Engels et al. (2010, 2011, 2012) reported that gallotannnins from mango kernels had antibacterial activity against diverse pathogenic bacteria, such as B. subtilis, B. cereus, S. aureus, Clostridium botulinum, Campylobacter jejuni, Listeria monocytogenes, enterotoxigenic Escherichia coli, and Salmonella enterica. These studies overall found that gallotannins with higher levels of gallolyation (5–10 GG) had roughly equivalent antibacterial activity, while 4 GG had lower antibacterial activity compared to them. In addition, the antibacterial activity of gallotannins with lower gallolyation (<4 GG) has been less investigated. Only Tian et al. (2009) reported that 5–7 GG overall exhibited the strongest antibacterial activity against B. cereus and S. Typhimurium among 1–10 GG separated from Galla chinensis, but 2 GG had the lowest antibacterial activity, which was inconsistent with our results that we found tetragalloyl hexoside-rich fraction VIII overall had the strongest antibacterial activity against four bacteria among 1–6 galloyl hexosides separated from red sword bean coats, and digalloyl hexoside-rich fraction V exhibited the strongest antibacterial activity against B. cereus, and no antibacterial activity was detected for monogalloyl hexoside-rich fraction I. This discrepancy might be due to differences in the molecular structure and configuration of gallotannins in different plants, since galloyl-gallate esters may have different antibacterial activity compared with galloyl-glucose esters. The antibacterial mechanism of gallotannins has been gradually revealed. It may be associated with their iron binding capacity, since iron is absolutely necessary for the growth of bacteria (Tekbas et al., 2008; Engels et al., 2010, 2011). The iron binding capacity of gallotannins was dependent on the number of galloyl groups and o-dihydroxyphenyl groups in the molecule, with a larger capacity at lower degrees of galloylation, however, the degree of galloylation did not significantly influence the antibacterial activity (Engels et al., 2010). In addition, it may be related to their interaction with the membrane-bound proteins of bacteria dependent on hydrogen bonding via their hydroxyl groups, leading to changes in membrane permeability and cause cell death (Tian et al., 2009; Engels et al., 2011). Furthermore, recent studies found that gallotannins, such as 1, 2, 3, 4, 6-penta-O-galloyl-β-D-glucopyranose, was able to inhibit the biofilm formation of S. aureus without affecting the normal growth of bacteria, via the inhibition of the synthesis of polysaccharide intercellular adhesin and iron uptake (Lin et al., 2011, 2012). Besides, tannins may also influence the quorum system of bacteria, resulting in targeting diverse bacterial virulence factors (Silva et al., 2016). In the future, the antibacterial mechanism of gallotannins is needed to be further clarified to better understand their antibacterial action.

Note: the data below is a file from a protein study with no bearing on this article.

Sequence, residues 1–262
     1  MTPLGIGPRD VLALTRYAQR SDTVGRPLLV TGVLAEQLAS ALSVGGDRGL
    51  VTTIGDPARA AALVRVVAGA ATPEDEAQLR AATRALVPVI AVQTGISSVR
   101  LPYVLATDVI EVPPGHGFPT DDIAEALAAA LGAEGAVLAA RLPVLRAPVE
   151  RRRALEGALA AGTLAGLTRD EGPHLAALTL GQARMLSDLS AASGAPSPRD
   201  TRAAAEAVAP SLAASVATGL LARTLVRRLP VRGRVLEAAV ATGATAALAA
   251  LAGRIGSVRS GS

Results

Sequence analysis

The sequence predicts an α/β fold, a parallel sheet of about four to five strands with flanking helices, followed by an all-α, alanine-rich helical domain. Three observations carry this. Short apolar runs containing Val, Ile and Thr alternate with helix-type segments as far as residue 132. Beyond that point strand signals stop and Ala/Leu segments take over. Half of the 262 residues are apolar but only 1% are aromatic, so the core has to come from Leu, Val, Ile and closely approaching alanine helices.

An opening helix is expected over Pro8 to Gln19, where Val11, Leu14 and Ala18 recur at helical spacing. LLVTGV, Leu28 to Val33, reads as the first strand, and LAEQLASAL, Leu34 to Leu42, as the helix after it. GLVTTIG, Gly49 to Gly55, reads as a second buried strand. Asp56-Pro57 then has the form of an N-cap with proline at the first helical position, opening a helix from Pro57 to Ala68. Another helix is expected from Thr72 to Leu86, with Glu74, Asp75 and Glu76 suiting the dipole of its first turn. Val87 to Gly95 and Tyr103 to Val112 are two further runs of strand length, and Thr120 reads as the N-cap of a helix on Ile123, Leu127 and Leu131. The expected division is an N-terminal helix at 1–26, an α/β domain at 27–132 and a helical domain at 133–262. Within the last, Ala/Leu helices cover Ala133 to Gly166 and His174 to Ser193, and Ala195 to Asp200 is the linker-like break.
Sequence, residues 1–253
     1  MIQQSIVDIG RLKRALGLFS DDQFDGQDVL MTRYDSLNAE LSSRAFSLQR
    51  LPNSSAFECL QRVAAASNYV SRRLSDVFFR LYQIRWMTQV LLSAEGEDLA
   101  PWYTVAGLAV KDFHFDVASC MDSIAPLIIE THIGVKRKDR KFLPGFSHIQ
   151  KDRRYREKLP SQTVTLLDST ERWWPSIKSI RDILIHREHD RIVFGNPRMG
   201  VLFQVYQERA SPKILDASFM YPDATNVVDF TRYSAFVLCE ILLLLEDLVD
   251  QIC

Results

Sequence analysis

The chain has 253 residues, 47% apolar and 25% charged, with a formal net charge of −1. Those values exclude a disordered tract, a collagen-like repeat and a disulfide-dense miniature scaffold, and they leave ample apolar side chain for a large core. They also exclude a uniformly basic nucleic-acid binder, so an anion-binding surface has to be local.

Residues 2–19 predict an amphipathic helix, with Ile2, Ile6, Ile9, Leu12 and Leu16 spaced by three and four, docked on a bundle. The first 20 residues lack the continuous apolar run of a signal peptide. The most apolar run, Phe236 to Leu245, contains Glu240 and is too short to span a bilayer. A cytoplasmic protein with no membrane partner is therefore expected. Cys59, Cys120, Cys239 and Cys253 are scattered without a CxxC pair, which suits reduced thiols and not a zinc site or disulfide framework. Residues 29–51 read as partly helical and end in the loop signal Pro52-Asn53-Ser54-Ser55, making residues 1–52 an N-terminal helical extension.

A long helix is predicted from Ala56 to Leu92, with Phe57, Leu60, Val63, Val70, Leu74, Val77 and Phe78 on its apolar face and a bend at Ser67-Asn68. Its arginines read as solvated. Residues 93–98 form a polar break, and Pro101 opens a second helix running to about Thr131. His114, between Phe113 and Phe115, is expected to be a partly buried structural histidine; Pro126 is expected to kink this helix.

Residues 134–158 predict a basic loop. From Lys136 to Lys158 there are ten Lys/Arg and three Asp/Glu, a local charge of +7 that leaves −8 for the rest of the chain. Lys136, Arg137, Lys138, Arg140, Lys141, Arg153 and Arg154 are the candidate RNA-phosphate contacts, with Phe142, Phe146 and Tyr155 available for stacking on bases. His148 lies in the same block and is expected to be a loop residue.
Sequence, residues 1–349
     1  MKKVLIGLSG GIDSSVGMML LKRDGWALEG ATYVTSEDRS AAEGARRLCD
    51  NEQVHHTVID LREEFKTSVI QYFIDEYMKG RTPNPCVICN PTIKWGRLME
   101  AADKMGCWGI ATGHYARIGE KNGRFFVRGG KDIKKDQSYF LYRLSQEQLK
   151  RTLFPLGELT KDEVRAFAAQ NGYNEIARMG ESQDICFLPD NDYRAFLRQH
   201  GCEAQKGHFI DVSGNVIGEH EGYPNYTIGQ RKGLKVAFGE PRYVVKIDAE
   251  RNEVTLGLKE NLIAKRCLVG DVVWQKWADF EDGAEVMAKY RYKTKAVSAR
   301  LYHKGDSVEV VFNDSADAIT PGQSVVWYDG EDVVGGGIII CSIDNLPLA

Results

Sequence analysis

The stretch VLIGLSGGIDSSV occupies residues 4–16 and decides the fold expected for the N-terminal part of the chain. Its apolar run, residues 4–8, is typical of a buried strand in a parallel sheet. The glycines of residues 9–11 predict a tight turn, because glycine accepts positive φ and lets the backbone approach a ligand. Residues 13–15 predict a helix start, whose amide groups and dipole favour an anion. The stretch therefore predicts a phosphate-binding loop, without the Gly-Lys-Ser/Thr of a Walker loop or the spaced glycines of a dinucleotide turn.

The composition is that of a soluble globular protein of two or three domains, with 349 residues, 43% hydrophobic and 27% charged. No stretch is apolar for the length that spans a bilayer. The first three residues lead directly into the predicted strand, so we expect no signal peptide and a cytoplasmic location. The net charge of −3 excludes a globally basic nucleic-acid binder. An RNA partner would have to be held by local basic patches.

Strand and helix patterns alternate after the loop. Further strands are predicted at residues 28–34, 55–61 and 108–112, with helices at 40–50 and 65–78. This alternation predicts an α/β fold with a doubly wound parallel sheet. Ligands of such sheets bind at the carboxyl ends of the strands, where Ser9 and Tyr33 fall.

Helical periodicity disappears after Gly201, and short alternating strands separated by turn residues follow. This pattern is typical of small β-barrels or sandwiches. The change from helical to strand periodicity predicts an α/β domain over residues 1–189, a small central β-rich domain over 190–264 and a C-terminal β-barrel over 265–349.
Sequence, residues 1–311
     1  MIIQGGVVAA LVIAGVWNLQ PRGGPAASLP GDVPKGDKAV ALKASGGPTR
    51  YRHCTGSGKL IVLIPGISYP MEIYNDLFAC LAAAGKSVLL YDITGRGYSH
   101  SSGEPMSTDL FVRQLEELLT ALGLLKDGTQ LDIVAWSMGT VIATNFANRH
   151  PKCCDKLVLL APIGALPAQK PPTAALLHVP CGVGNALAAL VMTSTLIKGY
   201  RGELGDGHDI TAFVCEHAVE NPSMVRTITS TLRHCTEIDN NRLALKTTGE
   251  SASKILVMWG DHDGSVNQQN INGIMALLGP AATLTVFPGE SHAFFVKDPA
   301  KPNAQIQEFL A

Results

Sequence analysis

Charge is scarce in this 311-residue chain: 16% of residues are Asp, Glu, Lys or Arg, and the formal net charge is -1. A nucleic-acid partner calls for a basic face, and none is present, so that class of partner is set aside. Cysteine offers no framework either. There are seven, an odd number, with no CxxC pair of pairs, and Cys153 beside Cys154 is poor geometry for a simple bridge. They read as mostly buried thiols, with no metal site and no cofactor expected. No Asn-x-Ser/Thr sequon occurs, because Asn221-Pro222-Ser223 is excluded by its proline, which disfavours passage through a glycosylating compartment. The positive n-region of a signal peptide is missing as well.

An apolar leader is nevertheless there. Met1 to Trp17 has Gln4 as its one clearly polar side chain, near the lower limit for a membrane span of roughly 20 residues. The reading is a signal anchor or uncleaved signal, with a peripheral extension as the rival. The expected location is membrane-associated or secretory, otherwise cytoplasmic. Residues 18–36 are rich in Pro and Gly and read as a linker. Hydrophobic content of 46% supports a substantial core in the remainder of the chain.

This study investigated the phenolic composition of red sword bean coats, and found gallic acid and gallotannins were their main phenolic compounds, and the latter with more than three galloyl groups or other red compounds might contribute to the red color of sword bean coats. The current study identified tetragalloyl hexoside as the potential bioactive compound that exhibited activities in both antioxidant and antibacterial assays compared to other gallotannins identified in red sword bean coats. However, information on the structure-function relationships between gallotannins and their bioactivities needed to be further explored to shed light on their mechanism of actions. Overall, the red sword bean coats are good natural sources of gallotannins with antioxidant and antibacterial effects, and have the potential to be applied as functional food ingredients as well as natural food preservatives, while it needs further investigation due to possible interactions of gallotannins with food iron and proteins, which may block the antibacterial activity of gallotannins.